eXtremeDB provides a number of methods for assuring that in-memory database data can be preserved on persistent storage media. First of all, backup is a prudent way to preserve the database in case of hardware failure. (See page Database Backup and Restore for further details.) The backup guarantees that it will be possible to restore the database to the state it had been at the time the last backup was completed. In fact, nothing prevents the application from running the backup continuously from a separate “backup” process or task. (However note that this is not a solution for adding persistence to the in-memory database. To create a persistent database see page Creating Databases or the Data Export and Import page for other persistence options.)
Following are some of the considerations for deciding which technique for persisting data is appropriate for your application:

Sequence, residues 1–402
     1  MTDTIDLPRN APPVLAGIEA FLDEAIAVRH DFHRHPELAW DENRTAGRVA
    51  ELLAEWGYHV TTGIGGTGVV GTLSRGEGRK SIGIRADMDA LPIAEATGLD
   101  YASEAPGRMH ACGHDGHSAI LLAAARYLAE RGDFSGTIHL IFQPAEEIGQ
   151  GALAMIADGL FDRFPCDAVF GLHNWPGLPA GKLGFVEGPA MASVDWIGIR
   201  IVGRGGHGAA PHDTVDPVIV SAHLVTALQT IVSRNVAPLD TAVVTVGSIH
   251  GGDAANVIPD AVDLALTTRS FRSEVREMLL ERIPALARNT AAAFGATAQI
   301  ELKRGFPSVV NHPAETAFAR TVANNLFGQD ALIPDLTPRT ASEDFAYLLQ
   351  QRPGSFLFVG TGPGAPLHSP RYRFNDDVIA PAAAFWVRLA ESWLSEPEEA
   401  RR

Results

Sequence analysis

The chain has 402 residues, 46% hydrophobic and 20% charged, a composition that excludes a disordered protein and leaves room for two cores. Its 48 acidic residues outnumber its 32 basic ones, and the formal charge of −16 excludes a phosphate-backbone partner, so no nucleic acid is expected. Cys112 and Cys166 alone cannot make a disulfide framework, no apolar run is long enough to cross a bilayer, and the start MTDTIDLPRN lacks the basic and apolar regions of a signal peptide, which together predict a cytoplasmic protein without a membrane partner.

- Can the application afford losing any transactions? If it can't, than the best solution is to create and maintain a persistent database committing every transaction to the media (and this is the default transaction policy). Given that persistent media is slow, there will be a performance hit, yet there are many optimizations that can be applied to the disk manager. (See page Persistent Database I/O for further details.)
- One alternative to using a persistent database is using eXtremeDB High Availability (HA). It is not without overhead, but given a fast network, which is common these days, it could be faster than writing to a slow persistent medium. The advantage of HA over the persistent database is that the downtime in case of a failure is low. The switch-over is quite instantaneous while synchronous replication guarantees that no transactions are lost.(See page High Availability Introduction for further details.)
- It is possible to run a backup when the transaction logging is active. It is possible to run a backup on the replica (if using the HA alternative). It is also possible to run a backup for a persistent database. The active backup will have some negative impact on performance but will never lock out the database.